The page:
“Campus perception seems to be that the processes developed to assess, revise, prioritize, and, in some cases, close academic programs (including HSU’s general education program) did not appropriately encourage faculty participation,” the letter stated. “It would be wise for the board to address this perception by communicating clearly with the community at large and describing in detail the board’s deliberative process for academic program review.”
The letter cited examples of how other institutions that faced massive budget deficits demonstrated “a high level of transparency” by hosting open forums and engaging faculty in decision-making.
“Best practices require engaging faculty at every step so that they understand the need for the program prioritization. Working closely with faculty also raises the level of confidence and buy- in for the resulting recommendations,” the letter to HSU trustees stated.
“We encourage board members to ensure that the recent assessment and prioritization of academic programs, and ongoing revisions to HSU’s general education program, not only adhere to accreditor standards but also reflect best practices.”
The ACTA letter acknowledged the challenge in “maintaining high levels of faculty morale in times of financial pressure,” but the council insisted “hardly anything … is more vital to the university’s success.”
“When institutions of higher learning face daunting challenges, especially budget challenges, university leaders must work to strengthen shared governance. This requires a high level of transparency about the problems facing the institution, persistent communication with stakeholders, and the diligent adherence to established policies and procedures,” the letter stated.
Failure to explain decisions well or appearing to veer from established policies not only causes faculty morale to deteriorate, but also endangers academic freedom, the council asserted.
“Academic freedom and an engaged professoriate are the lifeblood of a university. As such, we strongly encourage HSU’s leaders—senior administrators and board members—to attend assiduously to cultivating norms of shared governance and raising faculty morale,” the letter to trustees stated.
Questions about honoring wishes of donors
The ACTA letter also raised concerns about relations to donors and a perceived lack of adherence to honor the wishes of donors, particularly in regard to Logsdon Seminary.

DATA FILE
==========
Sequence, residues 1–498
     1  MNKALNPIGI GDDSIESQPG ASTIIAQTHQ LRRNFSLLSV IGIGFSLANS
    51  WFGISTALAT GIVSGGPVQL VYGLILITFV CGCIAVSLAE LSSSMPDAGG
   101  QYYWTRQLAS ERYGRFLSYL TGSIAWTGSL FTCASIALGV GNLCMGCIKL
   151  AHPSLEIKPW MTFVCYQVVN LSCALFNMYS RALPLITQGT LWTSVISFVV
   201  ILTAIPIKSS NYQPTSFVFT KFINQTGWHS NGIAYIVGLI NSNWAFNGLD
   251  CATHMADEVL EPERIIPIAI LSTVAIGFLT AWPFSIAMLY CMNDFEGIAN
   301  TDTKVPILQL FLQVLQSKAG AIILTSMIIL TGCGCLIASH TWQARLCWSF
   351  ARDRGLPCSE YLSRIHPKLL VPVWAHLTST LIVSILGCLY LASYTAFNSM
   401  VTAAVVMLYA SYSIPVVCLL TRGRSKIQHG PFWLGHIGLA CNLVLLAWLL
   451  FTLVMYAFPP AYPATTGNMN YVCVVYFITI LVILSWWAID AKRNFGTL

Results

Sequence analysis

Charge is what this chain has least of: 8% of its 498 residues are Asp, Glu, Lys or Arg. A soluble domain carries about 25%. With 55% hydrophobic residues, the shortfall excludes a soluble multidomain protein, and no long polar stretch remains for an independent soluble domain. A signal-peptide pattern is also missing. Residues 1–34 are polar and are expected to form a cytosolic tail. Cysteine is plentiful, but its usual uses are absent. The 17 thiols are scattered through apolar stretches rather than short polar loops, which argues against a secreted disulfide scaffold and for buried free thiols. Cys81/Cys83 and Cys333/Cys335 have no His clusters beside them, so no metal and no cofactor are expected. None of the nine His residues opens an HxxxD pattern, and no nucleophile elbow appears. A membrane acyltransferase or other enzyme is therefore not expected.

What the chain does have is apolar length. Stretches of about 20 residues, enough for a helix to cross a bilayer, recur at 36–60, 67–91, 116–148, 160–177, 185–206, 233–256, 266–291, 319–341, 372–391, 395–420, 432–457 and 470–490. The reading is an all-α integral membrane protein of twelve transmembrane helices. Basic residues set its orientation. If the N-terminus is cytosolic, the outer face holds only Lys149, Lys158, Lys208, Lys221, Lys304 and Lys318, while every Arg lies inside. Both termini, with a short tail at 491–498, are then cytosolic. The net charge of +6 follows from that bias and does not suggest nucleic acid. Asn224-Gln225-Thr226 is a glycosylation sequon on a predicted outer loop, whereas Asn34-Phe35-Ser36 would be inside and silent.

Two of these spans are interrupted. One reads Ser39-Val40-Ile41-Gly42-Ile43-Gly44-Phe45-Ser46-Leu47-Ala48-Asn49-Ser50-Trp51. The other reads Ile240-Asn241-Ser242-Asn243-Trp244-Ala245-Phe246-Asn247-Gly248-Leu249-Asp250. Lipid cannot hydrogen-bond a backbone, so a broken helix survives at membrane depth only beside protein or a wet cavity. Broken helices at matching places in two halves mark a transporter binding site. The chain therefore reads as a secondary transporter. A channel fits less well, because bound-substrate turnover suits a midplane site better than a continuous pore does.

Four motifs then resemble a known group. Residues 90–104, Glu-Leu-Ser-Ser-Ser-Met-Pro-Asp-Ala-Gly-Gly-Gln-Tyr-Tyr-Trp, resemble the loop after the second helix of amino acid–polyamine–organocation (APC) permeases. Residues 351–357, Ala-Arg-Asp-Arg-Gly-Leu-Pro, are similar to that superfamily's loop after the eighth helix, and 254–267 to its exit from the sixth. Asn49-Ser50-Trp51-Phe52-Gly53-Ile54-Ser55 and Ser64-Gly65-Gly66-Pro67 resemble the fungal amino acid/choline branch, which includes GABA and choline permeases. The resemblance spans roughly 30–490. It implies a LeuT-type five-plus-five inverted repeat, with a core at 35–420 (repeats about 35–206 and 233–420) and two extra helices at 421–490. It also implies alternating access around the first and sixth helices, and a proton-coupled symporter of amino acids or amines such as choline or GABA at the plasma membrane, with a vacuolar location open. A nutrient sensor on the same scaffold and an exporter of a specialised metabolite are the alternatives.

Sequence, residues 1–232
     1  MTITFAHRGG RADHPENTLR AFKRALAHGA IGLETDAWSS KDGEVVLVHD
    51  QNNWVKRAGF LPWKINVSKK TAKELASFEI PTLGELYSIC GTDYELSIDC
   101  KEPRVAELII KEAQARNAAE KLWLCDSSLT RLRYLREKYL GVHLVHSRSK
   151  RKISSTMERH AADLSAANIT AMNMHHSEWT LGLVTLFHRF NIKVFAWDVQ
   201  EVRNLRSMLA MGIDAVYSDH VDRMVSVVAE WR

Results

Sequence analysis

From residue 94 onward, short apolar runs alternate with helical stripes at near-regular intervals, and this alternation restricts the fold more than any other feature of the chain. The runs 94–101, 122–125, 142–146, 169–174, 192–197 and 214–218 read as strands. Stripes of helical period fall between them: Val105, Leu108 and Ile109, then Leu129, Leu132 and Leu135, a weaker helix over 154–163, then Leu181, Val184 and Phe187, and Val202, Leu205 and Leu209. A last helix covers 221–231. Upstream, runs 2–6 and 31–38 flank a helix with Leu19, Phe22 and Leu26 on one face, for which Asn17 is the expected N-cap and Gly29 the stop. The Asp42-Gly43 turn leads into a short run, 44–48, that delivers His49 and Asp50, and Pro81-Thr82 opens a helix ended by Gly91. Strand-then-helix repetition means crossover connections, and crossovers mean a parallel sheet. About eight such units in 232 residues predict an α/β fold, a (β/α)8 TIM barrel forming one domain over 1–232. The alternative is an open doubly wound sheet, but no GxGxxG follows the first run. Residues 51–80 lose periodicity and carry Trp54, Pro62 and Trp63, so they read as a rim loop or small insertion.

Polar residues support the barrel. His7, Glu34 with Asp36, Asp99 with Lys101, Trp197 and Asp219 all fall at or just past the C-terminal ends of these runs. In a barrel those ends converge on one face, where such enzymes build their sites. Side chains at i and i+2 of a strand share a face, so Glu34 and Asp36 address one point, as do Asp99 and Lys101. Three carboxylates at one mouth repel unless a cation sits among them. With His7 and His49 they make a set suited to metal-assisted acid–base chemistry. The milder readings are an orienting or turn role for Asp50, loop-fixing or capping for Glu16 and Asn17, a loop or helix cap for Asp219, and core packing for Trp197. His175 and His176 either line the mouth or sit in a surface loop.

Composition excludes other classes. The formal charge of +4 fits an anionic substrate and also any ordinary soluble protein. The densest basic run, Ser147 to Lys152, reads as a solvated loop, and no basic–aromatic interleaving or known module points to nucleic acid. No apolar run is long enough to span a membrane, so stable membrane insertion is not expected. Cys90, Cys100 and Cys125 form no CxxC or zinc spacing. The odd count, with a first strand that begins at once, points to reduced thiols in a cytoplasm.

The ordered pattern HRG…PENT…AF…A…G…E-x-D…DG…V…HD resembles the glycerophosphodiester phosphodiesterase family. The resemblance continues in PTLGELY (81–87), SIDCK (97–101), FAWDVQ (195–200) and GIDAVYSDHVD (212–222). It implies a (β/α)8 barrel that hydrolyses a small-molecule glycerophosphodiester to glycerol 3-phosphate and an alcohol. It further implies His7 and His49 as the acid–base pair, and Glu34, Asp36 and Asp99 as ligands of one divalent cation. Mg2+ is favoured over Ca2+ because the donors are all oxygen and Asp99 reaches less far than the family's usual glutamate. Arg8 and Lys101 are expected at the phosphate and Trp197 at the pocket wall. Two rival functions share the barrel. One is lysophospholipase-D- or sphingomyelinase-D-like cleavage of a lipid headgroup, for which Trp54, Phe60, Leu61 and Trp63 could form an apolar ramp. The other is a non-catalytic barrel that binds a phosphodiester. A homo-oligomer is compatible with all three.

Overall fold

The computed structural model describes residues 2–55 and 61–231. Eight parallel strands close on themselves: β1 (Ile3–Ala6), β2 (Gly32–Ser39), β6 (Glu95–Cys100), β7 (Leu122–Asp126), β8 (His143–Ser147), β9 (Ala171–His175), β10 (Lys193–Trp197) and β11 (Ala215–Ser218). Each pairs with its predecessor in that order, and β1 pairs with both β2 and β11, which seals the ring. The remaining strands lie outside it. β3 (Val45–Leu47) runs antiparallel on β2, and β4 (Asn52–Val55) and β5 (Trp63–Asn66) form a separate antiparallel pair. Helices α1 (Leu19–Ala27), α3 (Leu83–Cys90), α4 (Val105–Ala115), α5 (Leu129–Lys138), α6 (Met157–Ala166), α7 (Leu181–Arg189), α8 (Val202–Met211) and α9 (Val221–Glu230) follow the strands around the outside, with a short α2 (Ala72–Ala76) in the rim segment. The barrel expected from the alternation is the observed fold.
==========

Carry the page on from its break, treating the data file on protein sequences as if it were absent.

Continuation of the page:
Two former deans of the Logsdon School of Theology—Vernon Davis and Don Williford—have asserted the HSU trustees’ actions in closing the seminary and scaling back the remaining undergraduate religion programs appear to contradict the original intent of donors who established the theology school and seminary.
“As I know you are aware, some donors believe that HSU’s closure of the Logsdon Seminary, in conjunction with its choice to retain the corpus of funds that constitute its endowment, runs contrary to the terms of donors’ gift agreements with HSU. This perception on the part of donors and friends of the University is a matter that calls for close board attention,” the letter from ACTA stated.
“Proper stewardship of these gifts—and even returning them if the terms of the gift agreements can no longer be met—will reflect on the values of your institution. It is also sacrosanct to the notion of trusteeship, which is why ACTA’s Fund for Academic Renewal exists to advise higher education donors on how to safeguard their intent.
“I urge each board member, if you have not done so already, to review the exact terms of any gift agreements connected with the Logsdon Seminary so as to ensure that HSU will always be viewed by its donor base as the most dependable of partners.”
Leaders of the “Save Hardin-Simmons” group expressed appreciation to ACTA for writing the university’s trustees.
“This letter highlights so much of what inspired the group Save Logsdon Seminary, and now Save Hardin-Simmons. HSU’s survival is in question unless further action is taken,” an April 1 news release from the organization stated.
The group noted the trustees’ actions “blindsided students and faculty,” and it affirmed ACTA for pointing out it is “imperative for trust between the university and donors to make sure agreements have not been breached.”
With respect to the concerns ACTA raised regarding rising administrative costs and construction expenditures, the news release stated: “Save Hardin-Simmons has repeatedly asked for a forensic audit with the results released to the public. The financial numbers do not add up. We will continue to ask for financial transparency from HSU administration.”